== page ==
Fischer does not analyze very much - this is not a history of Gandhi's influence on India and the wider world; rather, it is the personal story of a man who touched lives. Mohandas Gandhi is presented in the context of his world rather than Gandhi's world being presented in the context of him. To me, that creates a more approachable man, one whose life can be emulated, not just revered. This is a must-read with the potential to become a must-do, or at least a must-think. Highly recommended.
22 of 24 people found the following review helpful
on June 1, 2000
Written by a foreign correspondant and author of many books on world affairs, this book is the best place to begin understanding the life of Gandhi. I used it to supplement the Oscar-winning film and found that the two complemented each other very well. It is a short book. In a matter of hours the reader will not only be introduced to the events of Gandhi's life and of the Indian independance movement, but she will also get inside the man. Fischer carefully considers Gandhi's religious convictions and experiences and thereby tries to explain Gandhi's incredible moral authority, both during his lifetime, and beyond. If you wonder why so many people consider Gandhi the most influential human being of the 20th century, read this book. And then be prepared to reexamine your own life. What do I value? Why? What is my purpose in life? What does it mean to be a just, compassionate, and merciful human being? Is a violent response to evil ever justifiable? Reading this inexpensive, 200-page paperback will pay rich dividends.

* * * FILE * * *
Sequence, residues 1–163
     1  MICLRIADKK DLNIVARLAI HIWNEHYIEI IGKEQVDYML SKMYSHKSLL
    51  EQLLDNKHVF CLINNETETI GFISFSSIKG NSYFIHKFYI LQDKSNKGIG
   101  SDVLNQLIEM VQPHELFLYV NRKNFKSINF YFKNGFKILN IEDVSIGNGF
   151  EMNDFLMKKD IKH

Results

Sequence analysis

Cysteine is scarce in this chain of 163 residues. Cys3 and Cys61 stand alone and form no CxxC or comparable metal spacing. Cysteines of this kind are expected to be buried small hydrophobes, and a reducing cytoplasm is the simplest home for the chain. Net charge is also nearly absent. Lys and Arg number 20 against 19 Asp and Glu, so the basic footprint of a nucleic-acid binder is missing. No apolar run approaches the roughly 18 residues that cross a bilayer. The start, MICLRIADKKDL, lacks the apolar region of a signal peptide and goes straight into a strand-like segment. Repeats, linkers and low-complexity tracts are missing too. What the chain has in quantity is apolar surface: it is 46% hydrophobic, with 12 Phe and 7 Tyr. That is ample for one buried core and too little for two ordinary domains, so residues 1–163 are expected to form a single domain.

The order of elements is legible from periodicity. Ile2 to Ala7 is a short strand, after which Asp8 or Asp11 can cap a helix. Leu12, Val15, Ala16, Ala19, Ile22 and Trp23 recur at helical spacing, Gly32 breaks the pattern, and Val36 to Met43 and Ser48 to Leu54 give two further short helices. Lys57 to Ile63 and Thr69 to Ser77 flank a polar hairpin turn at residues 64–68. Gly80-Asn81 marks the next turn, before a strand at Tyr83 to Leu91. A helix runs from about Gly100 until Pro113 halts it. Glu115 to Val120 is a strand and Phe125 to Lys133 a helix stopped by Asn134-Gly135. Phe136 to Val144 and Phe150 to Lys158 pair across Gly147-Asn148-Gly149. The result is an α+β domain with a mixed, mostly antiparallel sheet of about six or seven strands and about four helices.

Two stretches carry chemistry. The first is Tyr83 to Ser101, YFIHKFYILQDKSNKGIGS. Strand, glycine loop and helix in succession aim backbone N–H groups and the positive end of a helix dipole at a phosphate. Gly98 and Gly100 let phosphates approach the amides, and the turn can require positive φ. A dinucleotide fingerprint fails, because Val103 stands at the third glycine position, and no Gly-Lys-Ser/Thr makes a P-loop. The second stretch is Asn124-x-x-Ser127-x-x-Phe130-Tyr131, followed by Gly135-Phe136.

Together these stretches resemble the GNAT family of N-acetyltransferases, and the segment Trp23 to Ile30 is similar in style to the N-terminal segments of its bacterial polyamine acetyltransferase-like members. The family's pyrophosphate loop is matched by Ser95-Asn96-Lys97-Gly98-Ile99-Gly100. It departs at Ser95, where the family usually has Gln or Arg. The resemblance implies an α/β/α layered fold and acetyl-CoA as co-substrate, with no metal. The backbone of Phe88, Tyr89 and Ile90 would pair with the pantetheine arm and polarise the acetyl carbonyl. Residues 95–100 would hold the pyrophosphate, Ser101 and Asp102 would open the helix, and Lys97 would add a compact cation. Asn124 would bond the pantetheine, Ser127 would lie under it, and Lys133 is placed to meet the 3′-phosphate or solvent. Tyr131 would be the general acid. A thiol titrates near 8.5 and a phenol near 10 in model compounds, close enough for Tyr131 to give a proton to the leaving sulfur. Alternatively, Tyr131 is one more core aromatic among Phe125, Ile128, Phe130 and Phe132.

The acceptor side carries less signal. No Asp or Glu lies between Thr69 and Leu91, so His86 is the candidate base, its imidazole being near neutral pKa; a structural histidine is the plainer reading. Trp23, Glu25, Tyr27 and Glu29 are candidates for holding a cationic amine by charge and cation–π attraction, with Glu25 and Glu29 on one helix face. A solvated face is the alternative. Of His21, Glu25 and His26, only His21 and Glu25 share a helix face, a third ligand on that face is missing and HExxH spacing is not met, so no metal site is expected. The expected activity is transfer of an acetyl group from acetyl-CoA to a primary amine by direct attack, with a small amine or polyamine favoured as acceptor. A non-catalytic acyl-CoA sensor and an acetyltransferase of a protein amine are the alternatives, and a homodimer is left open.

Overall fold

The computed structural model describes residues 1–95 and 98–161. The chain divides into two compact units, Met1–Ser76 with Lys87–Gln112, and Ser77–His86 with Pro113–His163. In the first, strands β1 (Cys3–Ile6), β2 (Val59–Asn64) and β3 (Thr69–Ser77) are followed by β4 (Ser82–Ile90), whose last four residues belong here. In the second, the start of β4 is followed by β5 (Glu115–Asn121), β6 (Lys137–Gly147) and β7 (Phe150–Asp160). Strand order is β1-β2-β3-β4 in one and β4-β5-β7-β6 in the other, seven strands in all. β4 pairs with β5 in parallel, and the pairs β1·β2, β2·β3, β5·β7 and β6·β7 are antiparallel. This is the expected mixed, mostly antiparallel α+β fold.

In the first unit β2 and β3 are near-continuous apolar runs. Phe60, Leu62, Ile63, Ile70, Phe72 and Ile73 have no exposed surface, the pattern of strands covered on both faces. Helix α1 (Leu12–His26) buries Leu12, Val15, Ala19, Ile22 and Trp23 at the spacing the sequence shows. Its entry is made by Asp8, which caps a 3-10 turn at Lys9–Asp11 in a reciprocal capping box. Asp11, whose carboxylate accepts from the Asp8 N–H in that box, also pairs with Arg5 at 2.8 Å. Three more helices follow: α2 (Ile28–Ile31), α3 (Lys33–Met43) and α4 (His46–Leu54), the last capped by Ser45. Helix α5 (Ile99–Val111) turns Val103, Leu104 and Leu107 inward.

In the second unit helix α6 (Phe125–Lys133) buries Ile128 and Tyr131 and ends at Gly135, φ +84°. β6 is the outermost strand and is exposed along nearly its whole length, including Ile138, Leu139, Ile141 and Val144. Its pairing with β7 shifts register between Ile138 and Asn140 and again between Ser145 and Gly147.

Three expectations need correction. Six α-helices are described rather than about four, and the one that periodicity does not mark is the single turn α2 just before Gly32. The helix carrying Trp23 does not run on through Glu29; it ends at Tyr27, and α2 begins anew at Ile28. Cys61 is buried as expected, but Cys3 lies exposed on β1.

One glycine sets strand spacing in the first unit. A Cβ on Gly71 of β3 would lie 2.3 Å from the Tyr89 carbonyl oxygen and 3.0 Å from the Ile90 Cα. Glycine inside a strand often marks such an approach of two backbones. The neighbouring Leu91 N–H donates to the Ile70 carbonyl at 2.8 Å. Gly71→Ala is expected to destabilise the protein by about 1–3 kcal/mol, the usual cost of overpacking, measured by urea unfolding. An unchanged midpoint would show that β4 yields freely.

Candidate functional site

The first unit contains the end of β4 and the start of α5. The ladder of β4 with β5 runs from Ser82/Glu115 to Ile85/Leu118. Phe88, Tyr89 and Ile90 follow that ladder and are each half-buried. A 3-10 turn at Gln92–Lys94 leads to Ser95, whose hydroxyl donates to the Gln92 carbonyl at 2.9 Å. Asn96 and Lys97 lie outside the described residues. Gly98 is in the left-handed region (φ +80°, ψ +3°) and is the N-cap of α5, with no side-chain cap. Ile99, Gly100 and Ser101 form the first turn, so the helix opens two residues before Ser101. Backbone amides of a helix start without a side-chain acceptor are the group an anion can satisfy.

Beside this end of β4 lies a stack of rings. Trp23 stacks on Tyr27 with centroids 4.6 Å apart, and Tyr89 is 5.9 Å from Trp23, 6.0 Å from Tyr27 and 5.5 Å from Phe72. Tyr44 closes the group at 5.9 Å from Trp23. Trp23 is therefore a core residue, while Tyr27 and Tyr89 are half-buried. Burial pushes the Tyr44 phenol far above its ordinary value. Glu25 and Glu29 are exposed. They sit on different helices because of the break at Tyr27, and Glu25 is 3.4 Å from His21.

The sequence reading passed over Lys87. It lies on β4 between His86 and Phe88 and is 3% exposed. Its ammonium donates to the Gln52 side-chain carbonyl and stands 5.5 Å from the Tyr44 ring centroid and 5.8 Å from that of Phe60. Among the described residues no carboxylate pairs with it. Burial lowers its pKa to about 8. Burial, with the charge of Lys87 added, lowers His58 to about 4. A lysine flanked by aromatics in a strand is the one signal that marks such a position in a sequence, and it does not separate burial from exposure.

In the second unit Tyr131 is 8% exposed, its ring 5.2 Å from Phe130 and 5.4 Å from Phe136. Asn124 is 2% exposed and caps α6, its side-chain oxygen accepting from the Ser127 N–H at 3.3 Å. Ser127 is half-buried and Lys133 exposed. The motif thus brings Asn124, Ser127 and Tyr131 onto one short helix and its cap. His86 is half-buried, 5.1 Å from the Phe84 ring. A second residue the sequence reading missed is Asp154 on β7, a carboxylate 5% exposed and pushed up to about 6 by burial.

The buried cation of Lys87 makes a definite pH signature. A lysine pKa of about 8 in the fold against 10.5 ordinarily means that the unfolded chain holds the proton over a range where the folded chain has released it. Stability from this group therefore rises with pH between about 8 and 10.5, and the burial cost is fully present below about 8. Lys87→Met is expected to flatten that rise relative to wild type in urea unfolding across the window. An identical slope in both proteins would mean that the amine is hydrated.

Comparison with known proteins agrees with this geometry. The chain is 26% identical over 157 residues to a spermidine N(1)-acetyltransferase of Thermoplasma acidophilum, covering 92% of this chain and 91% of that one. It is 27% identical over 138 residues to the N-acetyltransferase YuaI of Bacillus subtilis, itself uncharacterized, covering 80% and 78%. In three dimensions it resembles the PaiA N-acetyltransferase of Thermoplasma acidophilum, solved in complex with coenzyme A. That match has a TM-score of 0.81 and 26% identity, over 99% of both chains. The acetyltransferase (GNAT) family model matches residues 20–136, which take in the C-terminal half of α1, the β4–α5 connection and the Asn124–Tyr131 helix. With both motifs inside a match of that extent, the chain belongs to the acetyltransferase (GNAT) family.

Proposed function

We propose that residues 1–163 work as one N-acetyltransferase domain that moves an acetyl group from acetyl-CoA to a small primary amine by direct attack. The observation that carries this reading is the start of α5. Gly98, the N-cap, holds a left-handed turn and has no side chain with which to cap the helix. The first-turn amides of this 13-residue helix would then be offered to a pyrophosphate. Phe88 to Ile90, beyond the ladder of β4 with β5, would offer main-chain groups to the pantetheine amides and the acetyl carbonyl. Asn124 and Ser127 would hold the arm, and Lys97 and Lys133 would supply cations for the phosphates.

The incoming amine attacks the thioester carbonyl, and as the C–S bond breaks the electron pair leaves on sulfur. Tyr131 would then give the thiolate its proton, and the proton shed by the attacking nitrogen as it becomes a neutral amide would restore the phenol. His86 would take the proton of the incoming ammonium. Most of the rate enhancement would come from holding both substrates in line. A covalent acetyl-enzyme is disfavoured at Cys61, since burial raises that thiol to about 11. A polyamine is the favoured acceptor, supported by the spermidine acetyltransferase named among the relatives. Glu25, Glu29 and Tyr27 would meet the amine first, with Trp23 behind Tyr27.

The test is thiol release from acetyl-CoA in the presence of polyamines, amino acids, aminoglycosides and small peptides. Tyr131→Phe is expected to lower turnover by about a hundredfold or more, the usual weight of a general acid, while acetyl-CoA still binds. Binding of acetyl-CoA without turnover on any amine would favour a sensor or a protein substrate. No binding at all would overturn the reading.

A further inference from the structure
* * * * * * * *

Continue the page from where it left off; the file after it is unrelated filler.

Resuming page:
17 of 19 people found the following review helpful
on March 22, 2004
I find it a little odd that I just wrote in the title that people can be 'fans' of Gandhi. Like he is a rock star or famous model. But in essence that is what most people who admire influential people are. And I admit that I am a fan of Gandhi.
Being such I decided it was time to learn something about him that was not a movie (though the movie is very good; truncated but good) or a magazine article or some old handout from high school I found in a dark corner of my closet. So I chose Louis Fischer's short little biography. And I am very satisfied.
Mr. Fischer does not make any excuses for being a fan of Gandhi either. Like another biographer of Gandhi mentioned, it seems everybody whoever saw Gandhi and spoke to him felt the overwhelming need to write something, preferably a biography, of him. Mr. Fischer met Gandhi twice, stayed in his Ashram for a week as a guest, and he documents it in this biography.